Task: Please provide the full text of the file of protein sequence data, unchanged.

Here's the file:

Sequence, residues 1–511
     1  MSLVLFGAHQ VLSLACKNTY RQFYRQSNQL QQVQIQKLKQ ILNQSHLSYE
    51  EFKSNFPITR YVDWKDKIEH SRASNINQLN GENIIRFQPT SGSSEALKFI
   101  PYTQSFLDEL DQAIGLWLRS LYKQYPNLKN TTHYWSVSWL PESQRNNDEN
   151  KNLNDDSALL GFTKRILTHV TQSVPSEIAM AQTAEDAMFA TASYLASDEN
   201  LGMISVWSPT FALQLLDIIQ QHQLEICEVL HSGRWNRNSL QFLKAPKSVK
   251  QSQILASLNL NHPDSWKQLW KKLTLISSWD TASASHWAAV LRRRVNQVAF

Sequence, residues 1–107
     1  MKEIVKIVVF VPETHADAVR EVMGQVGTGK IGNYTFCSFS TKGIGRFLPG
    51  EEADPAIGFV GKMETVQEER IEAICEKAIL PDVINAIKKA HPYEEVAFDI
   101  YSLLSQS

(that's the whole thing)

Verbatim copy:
Sequence, residues 1–511
     1  MSLVLFGAHQ VLSLACKNTY RQFYRQSNQL QQVQIQKLKQ ILNQSHLSYE
    51  EFKSNFPITR YVDWKDKIEH SRASNINQLN GENIIRFQPT SGSSEALKFI
   101  PYTQSFLDEL DQAIGLWLRS LYKQYPNLKN TTHYWSVSWL PESQRNNDEN
   151  KNLNDDSALL GFTKRILTHV TQSVPSEIAM AQTAEDAMFA TASYLASDEN
   201  LGMISVWSPT FALQLLDIIQ QHQLEICEVL HSGRWNRNSL QFLKAPKSVK
   251  QSQILASLNL NHPDSWKQLW KKLTLISSWD TASASHWAAV LRRRVNQVAF

Sequence, residues 1–107
     1  MKEIVKIVVF VPETHADAVR EVMGQVGTGK IGNYTFCSFS TKGIGRFLPG
    51  EEADPAIGFV GKMETVQEER IEAICEKAIL PDVINAIKKA HPYEEVAFDI
   101  YSLLSQS